Rutgers' revival improves Big East's reputation

Updated: September 26, 2006, 1:21 PM ET
By Rod Gilmore | Special to ESPN.com
Rutgers is in the Top 25? You're kidding, right? That Rutgers? The Rutgers that went 27 years without appearing in postseason play? The Rutgers that hasn't been nationally ranked since 1976? Yep, that Rutgers. Rutgers (aka State University of New Jersey or SUNJ) is finally back in the Top 25 -- at No. 23. So what does that say about the Big East Conference?

Brian Leonard
Jim O'Connor/US PresswireBrian Leonard and Ray Rice make up one of the nation's most formidable backfields.
Just a couple of years ago, the Big East was gutted when Boston College, Miami and Virginia Tech abandoned the Big East for the Atlantic Coast Conference. Many called for the Big East to be stripped of its automatic bid to the Bowl Championship Series. However, with West Virginia and Louisville in the top 10, the Big East is recovering nicely. The Big East could be considered on par with other BCS conferences, but only if Rutgers is recognized as a legitimate Top 25 team. Will the college football community overlook Rutgers' weak history and give credit to this Rutgers team?

I believe Rutgers is a legitimate Top 25 team. Coach Greg Schiano patiently has rebuilt the program. He has done exactly what he said he would do when he took the job six years ago: (1) get some of New Jersey's and New York's top recruits to stay home and (2) recruit speed from the state of Florida, where he was a hot defensive coordinator at Miami. Except for a few significant exceptions (e.g., losing wide receiver Dwayne Jarrett to USC and safety Myron Rolle to Florida State), Schiano has made good on those promises. He has kept key high school players home (e.g., running back Ray Rice and redshirt freshman quarterback Jabu Lovelace) and has 21 players from Florida on his roster.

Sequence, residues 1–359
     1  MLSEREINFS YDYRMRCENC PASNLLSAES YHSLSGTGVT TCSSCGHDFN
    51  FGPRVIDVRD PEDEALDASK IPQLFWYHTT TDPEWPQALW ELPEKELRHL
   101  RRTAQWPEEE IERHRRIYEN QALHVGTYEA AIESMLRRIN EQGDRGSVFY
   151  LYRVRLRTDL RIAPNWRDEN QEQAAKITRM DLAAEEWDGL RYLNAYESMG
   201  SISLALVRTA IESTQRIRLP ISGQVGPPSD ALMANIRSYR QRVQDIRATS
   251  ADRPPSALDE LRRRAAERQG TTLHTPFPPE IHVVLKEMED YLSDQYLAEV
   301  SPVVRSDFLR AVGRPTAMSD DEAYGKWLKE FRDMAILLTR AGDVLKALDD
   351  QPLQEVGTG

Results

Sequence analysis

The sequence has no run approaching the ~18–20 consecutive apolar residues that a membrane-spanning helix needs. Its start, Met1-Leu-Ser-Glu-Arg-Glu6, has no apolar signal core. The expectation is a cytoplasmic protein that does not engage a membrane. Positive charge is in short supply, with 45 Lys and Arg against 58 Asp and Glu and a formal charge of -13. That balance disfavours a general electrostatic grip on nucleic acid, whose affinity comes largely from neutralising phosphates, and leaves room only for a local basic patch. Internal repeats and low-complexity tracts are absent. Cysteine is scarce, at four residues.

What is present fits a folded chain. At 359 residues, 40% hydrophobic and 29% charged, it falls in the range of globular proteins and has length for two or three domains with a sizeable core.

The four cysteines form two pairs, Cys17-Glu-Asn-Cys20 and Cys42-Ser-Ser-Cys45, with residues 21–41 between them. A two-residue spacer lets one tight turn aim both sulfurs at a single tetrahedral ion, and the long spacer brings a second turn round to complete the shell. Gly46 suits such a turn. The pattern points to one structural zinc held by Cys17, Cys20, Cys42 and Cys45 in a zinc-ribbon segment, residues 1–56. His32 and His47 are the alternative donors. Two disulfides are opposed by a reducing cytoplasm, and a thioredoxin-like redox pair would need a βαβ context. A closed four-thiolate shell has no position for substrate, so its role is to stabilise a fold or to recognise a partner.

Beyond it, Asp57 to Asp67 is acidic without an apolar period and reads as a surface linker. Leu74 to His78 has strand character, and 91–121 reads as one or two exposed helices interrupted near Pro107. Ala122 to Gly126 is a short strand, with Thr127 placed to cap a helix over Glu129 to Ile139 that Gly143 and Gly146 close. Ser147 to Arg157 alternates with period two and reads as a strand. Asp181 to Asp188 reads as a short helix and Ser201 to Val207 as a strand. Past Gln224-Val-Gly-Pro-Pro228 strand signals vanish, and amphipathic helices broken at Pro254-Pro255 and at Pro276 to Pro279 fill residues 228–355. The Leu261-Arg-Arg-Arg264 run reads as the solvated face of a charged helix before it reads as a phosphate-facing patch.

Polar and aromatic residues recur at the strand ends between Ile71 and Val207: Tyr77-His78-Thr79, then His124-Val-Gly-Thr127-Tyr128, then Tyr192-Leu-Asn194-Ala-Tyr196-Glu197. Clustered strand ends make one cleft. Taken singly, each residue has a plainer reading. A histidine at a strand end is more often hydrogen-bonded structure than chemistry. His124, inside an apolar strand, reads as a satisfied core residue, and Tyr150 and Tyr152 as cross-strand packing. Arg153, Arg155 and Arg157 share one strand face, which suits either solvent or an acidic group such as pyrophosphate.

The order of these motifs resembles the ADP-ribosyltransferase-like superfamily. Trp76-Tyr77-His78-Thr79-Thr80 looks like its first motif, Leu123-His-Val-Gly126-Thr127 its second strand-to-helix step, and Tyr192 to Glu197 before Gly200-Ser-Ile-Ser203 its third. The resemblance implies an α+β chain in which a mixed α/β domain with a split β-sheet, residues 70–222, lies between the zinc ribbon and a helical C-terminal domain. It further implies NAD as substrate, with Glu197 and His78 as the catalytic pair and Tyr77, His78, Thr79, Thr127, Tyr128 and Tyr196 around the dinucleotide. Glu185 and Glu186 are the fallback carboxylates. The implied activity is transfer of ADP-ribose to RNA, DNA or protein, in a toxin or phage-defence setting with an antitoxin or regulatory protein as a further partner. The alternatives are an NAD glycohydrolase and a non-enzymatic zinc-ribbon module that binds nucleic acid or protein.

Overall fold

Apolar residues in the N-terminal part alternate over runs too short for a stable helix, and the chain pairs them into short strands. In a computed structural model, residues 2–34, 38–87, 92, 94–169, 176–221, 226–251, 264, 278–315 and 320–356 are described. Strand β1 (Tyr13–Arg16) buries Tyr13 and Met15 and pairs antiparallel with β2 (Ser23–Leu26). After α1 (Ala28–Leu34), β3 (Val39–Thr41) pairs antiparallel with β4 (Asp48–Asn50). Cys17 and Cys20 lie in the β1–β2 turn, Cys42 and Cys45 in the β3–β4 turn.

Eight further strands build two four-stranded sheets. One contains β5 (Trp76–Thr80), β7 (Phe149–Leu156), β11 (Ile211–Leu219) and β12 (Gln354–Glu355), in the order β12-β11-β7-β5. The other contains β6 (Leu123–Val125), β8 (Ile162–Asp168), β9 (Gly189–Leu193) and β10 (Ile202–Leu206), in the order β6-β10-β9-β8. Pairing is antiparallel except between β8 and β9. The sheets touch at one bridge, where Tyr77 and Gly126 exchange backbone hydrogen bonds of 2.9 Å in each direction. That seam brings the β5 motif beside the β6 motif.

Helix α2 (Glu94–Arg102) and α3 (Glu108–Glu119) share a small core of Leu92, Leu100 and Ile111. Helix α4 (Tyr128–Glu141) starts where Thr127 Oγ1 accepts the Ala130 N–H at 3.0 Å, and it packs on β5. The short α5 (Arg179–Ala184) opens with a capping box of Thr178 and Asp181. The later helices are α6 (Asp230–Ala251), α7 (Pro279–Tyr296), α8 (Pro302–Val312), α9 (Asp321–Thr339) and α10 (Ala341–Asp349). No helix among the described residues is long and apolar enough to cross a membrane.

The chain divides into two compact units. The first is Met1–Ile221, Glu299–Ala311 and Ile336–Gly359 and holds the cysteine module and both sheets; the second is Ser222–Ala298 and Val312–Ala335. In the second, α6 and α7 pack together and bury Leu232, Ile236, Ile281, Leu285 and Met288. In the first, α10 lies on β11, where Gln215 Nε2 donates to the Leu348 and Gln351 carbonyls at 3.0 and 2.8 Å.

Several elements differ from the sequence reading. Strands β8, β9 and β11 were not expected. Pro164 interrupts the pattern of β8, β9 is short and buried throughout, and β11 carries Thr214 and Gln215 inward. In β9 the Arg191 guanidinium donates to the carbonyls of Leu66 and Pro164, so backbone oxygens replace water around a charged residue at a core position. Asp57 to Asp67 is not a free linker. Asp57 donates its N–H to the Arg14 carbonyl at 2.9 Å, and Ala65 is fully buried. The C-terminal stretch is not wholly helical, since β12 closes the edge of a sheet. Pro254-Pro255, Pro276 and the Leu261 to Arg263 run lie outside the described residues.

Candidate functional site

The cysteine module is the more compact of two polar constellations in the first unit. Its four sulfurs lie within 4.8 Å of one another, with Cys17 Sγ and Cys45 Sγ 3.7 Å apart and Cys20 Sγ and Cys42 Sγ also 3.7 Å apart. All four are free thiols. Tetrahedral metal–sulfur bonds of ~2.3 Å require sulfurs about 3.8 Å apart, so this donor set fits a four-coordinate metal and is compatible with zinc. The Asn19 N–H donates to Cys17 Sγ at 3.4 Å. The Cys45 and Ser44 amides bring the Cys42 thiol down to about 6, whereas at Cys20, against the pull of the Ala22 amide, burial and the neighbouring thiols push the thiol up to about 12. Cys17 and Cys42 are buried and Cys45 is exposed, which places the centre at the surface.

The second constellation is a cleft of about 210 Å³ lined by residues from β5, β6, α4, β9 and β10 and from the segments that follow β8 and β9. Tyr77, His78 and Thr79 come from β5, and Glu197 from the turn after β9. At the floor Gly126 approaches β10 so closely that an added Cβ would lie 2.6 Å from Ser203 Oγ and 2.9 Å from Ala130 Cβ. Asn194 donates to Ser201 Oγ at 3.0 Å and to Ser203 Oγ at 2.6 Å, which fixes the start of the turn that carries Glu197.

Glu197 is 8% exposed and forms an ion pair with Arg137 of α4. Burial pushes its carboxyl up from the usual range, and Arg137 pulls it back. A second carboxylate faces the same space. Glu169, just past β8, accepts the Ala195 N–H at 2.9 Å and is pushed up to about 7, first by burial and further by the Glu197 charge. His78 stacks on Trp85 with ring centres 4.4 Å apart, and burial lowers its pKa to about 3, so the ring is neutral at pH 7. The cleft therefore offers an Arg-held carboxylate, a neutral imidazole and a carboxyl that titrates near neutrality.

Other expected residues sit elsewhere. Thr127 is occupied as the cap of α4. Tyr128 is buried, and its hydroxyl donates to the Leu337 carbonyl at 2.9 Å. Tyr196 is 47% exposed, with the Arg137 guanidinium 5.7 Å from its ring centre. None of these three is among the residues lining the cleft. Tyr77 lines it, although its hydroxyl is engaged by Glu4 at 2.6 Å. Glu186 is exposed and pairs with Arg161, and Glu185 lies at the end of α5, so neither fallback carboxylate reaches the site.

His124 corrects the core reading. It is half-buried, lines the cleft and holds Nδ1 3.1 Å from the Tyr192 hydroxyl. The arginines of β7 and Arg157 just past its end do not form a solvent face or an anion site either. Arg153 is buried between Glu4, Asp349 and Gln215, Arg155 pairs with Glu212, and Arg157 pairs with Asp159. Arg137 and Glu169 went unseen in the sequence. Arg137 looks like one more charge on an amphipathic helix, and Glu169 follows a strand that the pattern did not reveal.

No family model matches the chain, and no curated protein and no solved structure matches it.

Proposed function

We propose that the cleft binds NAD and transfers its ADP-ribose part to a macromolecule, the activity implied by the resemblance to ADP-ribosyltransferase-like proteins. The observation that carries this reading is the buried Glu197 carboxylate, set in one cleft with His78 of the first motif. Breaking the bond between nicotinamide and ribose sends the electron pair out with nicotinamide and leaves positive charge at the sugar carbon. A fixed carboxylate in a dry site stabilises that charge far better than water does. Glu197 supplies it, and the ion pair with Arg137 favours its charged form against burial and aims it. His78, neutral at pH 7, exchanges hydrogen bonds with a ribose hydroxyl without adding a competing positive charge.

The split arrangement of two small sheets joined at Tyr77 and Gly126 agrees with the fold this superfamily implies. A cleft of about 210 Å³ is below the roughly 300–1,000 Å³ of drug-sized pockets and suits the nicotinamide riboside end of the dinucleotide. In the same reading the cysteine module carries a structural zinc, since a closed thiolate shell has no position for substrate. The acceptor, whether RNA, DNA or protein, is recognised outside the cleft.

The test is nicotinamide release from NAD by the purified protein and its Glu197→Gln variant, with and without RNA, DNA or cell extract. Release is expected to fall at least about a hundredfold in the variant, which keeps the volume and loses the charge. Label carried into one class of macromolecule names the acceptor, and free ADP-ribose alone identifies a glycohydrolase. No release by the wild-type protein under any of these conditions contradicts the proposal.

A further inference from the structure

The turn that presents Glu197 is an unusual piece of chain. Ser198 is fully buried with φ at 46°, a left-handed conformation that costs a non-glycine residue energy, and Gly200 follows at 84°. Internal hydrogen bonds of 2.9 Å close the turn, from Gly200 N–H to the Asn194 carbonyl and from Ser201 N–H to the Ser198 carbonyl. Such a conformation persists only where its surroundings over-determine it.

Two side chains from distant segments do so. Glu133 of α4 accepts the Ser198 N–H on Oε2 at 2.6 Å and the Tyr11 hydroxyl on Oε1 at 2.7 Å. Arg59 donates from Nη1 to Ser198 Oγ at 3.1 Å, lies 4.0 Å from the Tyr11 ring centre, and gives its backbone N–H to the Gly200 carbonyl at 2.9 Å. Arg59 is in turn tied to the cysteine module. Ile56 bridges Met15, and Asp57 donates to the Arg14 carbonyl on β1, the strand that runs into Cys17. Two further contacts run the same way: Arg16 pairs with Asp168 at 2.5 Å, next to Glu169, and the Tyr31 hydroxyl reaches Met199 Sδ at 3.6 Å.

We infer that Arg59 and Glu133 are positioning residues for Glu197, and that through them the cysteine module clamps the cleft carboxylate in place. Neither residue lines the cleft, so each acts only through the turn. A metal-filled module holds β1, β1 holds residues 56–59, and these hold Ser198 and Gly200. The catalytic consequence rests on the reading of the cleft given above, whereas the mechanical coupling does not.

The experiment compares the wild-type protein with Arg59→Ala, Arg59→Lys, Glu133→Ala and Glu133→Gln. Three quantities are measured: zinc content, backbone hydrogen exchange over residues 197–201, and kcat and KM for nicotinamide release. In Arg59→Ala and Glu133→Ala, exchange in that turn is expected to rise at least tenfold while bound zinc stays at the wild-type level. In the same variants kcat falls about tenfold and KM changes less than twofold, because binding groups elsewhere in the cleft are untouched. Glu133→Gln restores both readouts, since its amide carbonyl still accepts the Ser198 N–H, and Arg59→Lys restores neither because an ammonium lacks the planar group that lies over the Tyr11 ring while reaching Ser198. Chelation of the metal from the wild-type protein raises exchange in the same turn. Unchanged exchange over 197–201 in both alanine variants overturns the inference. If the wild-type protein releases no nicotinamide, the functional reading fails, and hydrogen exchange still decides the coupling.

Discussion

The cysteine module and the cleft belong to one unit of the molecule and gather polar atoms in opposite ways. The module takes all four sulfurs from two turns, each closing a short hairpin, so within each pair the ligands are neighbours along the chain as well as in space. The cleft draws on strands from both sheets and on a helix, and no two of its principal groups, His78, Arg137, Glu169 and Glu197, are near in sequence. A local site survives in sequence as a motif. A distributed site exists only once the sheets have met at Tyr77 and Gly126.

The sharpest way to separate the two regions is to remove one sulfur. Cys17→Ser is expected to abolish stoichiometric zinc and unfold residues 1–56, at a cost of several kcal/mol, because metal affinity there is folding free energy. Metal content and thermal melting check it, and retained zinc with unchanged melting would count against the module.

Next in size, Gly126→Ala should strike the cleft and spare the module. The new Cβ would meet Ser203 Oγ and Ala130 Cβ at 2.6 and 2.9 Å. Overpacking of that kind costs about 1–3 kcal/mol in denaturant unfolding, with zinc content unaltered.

Rod Gilmore

College Football analyst
Rod Gilmore serves as an ESPN studio analyst on SportsCenter and College Football Live, and provides commentary on ESPN's Friday night game telecasts. He writes regularly for ESPN Insider.